Objectives: Recent studies suggest that lesbians and gay men are at higher risk for stress-sensitive psychiatric disorders than are heterosexual persons. We examined the possible role of perceived discrimination in generating that risk.
Methods: The National Survey of Midlife Development in the United States, a nationally representative sample of adults aged 25 to 74 years, surveyed individuals self-identifying as homosexual or bisexual (n = 73) or heterosexual (n = 2844) about their lifetime and day-to-day experiences with discrimination. Also assessed were 1-year prevalence of depressive, anxiety, and substance dependence disorders; current psychologic distress; and self-rated mental health.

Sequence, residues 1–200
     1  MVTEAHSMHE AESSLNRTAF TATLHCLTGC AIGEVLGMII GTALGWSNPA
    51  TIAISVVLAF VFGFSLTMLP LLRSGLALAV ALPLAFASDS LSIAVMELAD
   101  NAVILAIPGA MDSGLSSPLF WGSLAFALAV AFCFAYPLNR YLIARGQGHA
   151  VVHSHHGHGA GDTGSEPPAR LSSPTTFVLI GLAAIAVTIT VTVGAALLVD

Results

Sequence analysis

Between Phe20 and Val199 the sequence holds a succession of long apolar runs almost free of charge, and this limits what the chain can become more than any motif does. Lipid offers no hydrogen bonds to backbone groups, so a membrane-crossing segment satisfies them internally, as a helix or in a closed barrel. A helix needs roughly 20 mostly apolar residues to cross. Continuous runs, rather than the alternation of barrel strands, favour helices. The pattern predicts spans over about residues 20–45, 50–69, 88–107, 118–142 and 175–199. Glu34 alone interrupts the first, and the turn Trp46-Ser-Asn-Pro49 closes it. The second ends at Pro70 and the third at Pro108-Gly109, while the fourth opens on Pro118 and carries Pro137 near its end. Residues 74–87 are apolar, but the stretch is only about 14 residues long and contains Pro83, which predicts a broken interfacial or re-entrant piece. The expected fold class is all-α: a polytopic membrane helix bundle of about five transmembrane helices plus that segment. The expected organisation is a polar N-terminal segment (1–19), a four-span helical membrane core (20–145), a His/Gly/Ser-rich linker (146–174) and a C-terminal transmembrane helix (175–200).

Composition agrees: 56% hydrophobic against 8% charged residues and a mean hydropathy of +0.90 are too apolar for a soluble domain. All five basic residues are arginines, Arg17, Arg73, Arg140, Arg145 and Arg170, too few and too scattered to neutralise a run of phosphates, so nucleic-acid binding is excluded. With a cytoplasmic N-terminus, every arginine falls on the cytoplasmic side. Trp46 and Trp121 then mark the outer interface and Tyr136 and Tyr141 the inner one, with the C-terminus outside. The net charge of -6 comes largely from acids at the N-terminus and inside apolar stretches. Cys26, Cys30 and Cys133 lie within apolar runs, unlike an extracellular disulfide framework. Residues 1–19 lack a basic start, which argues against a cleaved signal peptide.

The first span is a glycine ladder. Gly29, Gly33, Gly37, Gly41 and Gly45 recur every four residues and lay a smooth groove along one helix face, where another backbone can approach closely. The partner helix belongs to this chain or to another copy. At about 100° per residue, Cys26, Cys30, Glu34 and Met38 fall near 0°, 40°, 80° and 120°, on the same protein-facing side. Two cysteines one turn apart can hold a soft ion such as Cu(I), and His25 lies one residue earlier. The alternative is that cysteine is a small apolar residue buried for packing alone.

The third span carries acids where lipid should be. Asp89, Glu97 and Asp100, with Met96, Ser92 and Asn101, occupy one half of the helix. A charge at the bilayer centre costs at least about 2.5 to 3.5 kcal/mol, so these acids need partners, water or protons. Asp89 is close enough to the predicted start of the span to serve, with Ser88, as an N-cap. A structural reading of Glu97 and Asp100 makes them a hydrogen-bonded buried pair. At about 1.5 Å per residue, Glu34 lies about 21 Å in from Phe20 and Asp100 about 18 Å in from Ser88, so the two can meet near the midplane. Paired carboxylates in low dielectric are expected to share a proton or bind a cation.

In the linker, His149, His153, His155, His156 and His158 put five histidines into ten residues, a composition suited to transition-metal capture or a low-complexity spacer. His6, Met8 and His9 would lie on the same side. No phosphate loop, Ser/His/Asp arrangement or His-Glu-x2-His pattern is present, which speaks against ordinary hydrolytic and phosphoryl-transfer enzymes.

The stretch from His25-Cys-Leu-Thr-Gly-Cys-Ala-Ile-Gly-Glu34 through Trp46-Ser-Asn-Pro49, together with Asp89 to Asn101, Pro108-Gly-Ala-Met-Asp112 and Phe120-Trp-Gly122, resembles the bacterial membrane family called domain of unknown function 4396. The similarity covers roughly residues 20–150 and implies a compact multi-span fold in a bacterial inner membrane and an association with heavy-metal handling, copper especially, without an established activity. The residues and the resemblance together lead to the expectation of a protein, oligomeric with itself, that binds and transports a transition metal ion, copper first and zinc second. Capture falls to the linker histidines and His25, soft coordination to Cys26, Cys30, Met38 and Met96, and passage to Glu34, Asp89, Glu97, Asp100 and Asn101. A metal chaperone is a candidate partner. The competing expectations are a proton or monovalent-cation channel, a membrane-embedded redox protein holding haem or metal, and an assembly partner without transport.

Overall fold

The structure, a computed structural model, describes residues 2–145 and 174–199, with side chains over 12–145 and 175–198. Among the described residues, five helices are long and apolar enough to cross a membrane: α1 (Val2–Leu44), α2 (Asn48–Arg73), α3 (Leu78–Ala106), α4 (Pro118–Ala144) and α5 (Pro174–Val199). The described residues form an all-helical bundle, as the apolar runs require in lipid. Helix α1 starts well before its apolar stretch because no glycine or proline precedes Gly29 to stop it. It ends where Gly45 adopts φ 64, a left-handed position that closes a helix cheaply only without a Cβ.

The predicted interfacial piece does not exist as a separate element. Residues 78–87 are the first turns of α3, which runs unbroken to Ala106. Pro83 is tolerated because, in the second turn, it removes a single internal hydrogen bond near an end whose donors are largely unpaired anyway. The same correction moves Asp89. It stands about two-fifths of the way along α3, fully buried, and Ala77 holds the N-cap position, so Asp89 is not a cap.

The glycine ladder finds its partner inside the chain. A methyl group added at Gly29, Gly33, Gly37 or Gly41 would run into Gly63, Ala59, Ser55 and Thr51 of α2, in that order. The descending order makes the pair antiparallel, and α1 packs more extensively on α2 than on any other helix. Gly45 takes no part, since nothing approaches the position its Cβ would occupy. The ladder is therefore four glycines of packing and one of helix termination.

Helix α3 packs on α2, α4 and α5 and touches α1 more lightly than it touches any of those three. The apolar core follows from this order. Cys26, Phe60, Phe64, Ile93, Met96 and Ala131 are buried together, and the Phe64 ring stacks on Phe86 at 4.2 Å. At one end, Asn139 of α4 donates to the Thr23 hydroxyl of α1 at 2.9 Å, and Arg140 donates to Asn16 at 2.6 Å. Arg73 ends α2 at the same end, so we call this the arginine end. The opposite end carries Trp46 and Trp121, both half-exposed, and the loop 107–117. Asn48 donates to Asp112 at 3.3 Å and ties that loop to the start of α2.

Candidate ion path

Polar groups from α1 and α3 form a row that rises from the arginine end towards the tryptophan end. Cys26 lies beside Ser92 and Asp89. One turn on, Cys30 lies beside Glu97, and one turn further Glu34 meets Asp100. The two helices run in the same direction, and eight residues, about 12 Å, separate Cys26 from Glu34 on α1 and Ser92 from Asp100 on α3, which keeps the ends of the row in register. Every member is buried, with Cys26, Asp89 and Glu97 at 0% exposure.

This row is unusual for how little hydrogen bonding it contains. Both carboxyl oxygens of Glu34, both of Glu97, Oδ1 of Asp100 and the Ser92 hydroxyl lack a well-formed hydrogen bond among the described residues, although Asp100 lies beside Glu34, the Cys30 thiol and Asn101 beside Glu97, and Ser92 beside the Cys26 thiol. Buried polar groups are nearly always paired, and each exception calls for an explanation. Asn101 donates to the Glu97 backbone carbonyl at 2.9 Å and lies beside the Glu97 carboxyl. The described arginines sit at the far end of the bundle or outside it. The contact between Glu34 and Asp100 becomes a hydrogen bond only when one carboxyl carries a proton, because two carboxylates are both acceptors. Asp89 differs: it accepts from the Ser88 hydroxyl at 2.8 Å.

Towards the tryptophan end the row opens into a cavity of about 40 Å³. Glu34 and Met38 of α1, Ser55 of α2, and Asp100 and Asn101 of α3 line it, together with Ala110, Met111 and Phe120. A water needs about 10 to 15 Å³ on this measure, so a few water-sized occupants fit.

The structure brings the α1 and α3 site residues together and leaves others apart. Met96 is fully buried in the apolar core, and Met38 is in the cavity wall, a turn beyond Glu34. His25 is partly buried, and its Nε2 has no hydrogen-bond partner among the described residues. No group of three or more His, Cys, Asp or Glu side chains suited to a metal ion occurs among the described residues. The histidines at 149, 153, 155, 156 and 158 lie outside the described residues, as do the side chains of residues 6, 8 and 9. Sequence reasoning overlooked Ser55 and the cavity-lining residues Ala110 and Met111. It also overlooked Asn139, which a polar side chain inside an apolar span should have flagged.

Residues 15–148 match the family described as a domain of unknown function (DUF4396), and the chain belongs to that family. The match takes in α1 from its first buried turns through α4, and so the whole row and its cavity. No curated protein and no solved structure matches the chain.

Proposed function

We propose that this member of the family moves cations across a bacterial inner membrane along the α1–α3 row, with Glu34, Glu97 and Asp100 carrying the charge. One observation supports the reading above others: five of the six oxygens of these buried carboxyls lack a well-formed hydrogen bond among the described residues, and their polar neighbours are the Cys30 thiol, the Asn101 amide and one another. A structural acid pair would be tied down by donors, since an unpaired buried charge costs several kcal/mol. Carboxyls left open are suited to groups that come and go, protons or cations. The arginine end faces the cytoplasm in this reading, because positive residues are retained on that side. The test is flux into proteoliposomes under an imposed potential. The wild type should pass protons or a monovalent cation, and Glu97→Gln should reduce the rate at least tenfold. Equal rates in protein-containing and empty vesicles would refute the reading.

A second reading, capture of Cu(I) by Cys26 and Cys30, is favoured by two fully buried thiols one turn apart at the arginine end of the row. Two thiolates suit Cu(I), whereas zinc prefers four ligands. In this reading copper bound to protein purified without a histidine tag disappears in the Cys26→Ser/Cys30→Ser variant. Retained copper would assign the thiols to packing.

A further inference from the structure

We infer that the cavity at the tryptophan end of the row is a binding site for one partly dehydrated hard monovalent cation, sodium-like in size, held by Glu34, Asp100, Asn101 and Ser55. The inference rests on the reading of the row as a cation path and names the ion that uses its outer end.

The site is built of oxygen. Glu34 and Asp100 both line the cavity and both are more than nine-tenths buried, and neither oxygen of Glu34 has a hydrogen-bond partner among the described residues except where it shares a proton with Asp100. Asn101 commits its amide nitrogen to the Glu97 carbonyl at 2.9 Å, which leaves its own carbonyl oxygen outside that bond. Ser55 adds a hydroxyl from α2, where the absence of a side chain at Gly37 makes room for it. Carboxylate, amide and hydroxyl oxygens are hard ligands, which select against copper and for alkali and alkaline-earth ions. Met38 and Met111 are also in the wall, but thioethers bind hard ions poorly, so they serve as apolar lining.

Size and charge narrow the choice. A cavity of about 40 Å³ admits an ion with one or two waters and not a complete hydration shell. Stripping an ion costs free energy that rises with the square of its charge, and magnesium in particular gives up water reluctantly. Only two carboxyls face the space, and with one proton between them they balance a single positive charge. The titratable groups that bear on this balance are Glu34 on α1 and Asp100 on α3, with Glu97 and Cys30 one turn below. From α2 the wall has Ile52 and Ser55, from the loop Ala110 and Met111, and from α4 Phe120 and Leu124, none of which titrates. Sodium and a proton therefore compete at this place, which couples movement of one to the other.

Results: Homosexual and bisexual individuals more frequently than heterosexual persons reported both lifetime and day-to-day experiences with discrimination. Approximately 42% attributed this to their sexual orientation, in whole or part. Perceived discrimination was positively associated with both harmful effects on quality of life and indicators of psychiatric morbidity in the total sample. Controlling for differences in discrimination experiences attenuated observed associations between psychiatric morbidity and sexual orientation.
Conclusions: Higher levels of discrimination may underlie recent observations of greater psychiatric morbidity risk among lesbian, gay, and bisexual individuals.